Computer scientists at the University of Buffalo have developed V-Frog, the world's first virtual-reality-based frog dissection software designed for biology education. Contrary to previous virtual frog dissection kits, this software is a real simulation product. As says one researcher, 'other products out there are multi-media, not true virtual reality.' And the developers say that 'virtual-reality frog dissection means no exposure to chemicals and potentially dangerous instruments, no specimen or ecosystem harm and no specimen disintegration.' Home users can even buy the software on Amazon for $90. For universities, a license starts at $5,000 per building where the software is used. But read more...
Heart and Lungs
All the images above have been picked from various pages of the Tactus Technologies website. Tactus Technologies has developed the V-Frog software during the last three years and is now selling it (see the bottom of this post). All these images belong to Tactus Technologies.
Here are some more details about V-Frog. "V-Frog, which operates on a personal computer using a standard mouse, actually simulates nearly unlimited manipulation of specimen tissue. As a result, every dissection is different, reflecting each student's individual work. The software is designed for grades 7 through 12, plus advanced placement biology students. Using a simple mouse and PC, students can 'pick up' a scalpel, cut open V-Frog's skin, and explore the internal organs -- with true real-time interaction and 3-D navigation that actually accommodates discovery and procedures not possible with a physical frog specimen."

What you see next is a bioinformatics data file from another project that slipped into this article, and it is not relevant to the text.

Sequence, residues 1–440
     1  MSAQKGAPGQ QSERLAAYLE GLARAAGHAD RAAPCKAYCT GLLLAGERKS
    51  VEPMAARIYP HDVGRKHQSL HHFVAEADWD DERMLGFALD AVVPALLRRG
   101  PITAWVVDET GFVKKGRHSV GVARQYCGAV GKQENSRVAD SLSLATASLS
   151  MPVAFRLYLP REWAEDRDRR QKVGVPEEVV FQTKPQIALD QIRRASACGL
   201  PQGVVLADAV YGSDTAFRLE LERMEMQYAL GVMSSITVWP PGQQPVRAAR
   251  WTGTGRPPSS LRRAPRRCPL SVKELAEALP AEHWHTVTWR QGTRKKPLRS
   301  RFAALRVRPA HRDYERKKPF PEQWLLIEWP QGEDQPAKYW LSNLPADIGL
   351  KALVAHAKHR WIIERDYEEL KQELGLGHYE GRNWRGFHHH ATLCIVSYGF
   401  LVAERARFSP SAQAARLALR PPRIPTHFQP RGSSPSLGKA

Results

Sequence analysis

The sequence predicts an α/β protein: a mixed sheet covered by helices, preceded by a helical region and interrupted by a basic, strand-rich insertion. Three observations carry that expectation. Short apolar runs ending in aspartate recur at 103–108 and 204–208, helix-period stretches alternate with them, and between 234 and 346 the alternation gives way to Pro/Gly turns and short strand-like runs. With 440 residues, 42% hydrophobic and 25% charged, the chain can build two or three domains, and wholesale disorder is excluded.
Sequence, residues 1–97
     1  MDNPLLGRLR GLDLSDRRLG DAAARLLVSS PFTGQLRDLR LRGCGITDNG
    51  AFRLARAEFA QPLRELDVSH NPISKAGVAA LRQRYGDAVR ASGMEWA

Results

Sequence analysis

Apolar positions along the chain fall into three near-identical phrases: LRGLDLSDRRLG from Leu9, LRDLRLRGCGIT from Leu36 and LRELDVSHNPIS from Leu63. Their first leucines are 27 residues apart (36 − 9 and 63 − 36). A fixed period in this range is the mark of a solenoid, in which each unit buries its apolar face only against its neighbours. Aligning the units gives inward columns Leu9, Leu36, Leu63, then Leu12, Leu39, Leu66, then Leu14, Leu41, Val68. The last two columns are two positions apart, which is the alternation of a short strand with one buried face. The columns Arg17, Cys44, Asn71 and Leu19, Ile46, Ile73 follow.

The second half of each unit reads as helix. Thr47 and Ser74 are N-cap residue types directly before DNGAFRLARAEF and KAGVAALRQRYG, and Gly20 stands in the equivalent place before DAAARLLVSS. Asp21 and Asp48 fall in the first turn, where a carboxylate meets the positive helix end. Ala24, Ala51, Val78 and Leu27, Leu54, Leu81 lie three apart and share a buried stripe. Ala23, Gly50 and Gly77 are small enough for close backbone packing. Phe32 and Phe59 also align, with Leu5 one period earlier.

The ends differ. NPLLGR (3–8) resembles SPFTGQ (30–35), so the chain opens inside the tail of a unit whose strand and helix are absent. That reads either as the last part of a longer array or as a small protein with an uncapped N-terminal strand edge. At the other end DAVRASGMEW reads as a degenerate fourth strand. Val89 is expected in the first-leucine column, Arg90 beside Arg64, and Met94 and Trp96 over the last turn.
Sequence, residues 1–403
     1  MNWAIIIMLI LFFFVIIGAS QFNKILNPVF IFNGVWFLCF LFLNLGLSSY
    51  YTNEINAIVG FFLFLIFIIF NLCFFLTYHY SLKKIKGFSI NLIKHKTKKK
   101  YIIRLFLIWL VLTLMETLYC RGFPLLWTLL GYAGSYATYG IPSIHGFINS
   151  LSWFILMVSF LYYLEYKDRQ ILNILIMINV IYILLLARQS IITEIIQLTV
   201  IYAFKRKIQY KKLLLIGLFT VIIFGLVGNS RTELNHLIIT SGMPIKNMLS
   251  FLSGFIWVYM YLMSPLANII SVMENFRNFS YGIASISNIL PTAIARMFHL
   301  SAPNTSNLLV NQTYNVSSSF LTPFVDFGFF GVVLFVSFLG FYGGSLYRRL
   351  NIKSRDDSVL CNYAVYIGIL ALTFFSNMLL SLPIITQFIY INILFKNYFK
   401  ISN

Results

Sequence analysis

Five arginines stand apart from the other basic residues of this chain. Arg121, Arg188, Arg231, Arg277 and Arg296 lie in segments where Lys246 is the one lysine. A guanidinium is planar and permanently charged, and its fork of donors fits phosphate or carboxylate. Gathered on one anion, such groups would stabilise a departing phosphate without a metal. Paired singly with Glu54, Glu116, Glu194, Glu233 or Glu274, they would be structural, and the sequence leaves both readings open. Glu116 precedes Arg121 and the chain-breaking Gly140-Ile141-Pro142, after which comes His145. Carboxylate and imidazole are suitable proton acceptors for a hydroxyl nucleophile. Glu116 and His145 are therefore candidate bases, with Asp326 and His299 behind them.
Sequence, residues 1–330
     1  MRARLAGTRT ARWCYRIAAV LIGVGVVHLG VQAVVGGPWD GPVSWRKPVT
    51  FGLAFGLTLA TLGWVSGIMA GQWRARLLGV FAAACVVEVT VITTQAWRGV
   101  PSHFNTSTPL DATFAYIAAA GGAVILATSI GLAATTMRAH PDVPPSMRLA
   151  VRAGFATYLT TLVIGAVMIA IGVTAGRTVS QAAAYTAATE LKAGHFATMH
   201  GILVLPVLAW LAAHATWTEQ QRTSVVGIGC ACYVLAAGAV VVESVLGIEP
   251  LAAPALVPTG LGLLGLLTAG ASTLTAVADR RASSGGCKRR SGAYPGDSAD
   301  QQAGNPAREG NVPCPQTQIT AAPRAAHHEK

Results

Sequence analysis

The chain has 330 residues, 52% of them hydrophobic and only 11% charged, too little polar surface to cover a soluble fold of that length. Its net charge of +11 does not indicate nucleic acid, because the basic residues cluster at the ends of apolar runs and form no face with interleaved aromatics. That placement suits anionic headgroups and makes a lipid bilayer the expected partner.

It took three years to the programmers to develop the software. "Life-like V-Frog uniquely allows for comparative anatomy, letting students make parallels and contrasts between the amphibian's physiology and that of a human being, crab and other organisms. In addition, V-Frog allows students to watch a beating heart, observe digestion, dissect, probe and perform endoscopic procedures. 'With other products, it's just a video -- static and two-dimensional,' explains Kevin Chugh, president and chief scientist at Tactus Technologies. 'This is a simulation product, not simply a static Web site. It's actually superior to physical specimens and multi-media representations. The technology allows for virtual surgery. Our tissue simulation lets students see the correlation between form and function, and can be manipulated however the student wishes. It's truly a physically simulated dissection.'"
Here is how you can buy V-Frog.
Sources: University at Buffalo (UB) news release, February 8, 2008; and various websites
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